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Jim Miller: Dominate and Destroy

"I want complete and utter domination and destruction. I
want the first mistake he makes to be the last mistake and the one that
ends the fight." - Jim Miller

UFC lightweight Jim MillerJim Miller is well aware of the expectations attached to his UFC Fight Night main event against Donald Cerrone this Wednesday. Both are all-action fighters with more than their share of post-fight bonuses padding their wallets. But if Sparta, New Jersey’s Miller has his way, it won’t be a Fight of the Night or Fight of the Year candidate; it will be something different.

“I want complete and utter domination and destruction,” said Miller. “I want the first mistake he makes to be the last mistake and the one that ends the fight. Everybody’s dangerous, and the longer the fight goes on, the more risks there are for me, so I’m looking to put him away early.”

I guess a Performance of the Night bonus wouldn’t be bad either, but for Miller, all that matters is the win. And with Cerrone sharing a similar mindset, there will still be fireworks, and Miller knows it.

“We’ve been ranked around each other for the last couple years, and I think we fought four similar opponents and we’ve had the same outcome with everybody,” he said. “The guys that he’s lost to I lost to, the guys that he’s beat I beat, so it’s kind of a fight that has been in the making for a couple years now and it just never fell together. I’m excited for it because it’s a fun fight, he’s a talented guy and one of the guys I really like watching. I like his style of fighting, it’s a tough challenge, and I like that. That’s what I want. So I’m excited for the fight.”

Miller should clarify that statement – he’s excited for every fight. At home in Jersey, in Vegas, in England, it doesn’t matter. When the 30-year-old lightweight contender gets that call, he couldn’t be happier. But does a home game get him even more amped up?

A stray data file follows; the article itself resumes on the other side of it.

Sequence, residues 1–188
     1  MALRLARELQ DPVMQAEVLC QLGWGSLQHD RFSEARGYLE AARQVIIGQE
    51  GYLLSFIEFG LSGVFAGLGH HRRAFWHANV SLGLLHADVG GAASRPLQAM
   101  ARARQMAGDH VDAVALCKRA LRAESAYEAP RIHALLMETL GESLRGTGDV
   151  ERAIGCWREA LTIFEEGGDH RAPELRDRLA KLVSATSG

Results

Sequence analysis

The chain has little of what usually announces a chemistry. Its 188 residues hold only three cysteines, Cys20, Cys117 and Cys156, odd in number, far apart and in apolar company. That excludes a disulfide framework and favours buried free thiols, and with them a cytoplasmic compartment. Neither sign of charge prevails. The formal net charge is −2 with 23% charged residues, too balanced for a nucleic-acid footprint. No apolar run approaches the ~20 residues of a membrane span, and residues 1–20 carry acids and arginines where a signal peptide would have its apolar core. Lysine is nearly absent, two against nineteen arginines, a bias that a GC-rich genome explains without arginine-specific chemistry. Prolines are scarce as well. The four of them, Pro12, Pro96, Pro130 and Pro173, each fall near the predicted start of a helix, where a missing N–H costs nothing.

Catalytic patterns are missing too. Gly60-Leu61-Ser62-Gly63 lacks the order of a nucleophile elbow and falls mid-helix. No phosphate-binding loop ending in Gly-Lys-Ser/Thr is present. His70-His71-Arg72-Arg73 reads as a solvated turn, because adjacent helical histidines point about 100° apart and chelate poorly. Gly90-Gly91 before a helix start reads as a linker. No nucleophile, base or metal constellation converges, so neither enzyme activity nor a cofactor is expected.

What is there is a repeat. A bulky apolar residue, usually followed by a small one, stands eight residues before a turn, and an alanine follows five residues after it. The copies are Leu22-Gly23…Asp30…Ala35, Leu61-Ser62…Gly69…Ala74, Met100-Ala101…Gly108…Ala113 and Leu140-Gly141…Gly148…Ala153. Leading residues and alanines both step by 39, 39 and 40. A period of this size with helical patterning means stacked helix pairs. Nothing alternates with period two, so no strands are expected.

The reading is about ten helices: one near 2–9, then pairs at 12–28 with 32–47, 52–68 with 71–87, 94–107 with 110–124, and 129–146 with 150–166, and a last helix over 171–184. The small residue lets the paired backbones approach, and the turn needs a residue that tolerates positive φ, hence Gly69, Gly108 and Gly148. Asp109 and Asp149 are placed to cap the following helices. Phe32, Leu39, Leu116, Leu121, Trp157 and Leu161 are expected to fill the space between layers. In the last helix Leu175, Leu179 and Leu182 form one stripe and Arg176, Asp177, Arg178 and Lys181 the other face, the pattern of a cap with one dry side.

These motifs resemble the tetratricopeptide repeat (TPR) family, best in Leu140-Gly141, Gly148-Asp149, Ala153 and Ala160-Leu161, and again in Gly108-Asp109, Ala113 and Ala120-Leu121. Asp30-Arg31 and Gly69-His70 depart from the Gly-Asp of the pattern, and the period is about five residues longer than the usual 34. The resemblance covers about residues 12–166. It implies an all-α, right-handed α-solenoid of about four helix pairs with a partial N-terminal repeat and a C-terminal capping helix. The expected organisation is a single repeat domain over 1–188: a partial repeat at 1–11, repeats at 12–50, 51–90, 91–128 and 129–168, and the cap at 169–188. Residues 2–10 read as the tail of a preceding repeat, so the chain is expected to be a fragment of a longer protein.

“It really doesn’t matter to me,” he laughs. “I just like to fight. Whether it’s in Newark, where it’s an hour or so from my house, or fighting in another country, I’m just there to fight and the venue really doesn’t matter.”

In 29 pro fights, Miller has fought 16 times in the Garden State, including the first 12 bouts leading to his UFC debut in 2008 against David Baron. Even in those early days battling it out on the local circuit, the goal was always the same.

“I wanted to be the best and I wanted to fight the best,” he said. “I wanted to get to the top level of the sport and fight the best guys in the world. Those first couple fights, I would have stepped up and fought BJ Penn. (Laughs) He was the top of the heap in those days and the guy that everybody was gunning for. I was young and hungry and wanted to get to that level.”

Again, we must clarify. At that point (and today as well), Miller probably would have fought Anderson Silva at middleweight if someone asked him to.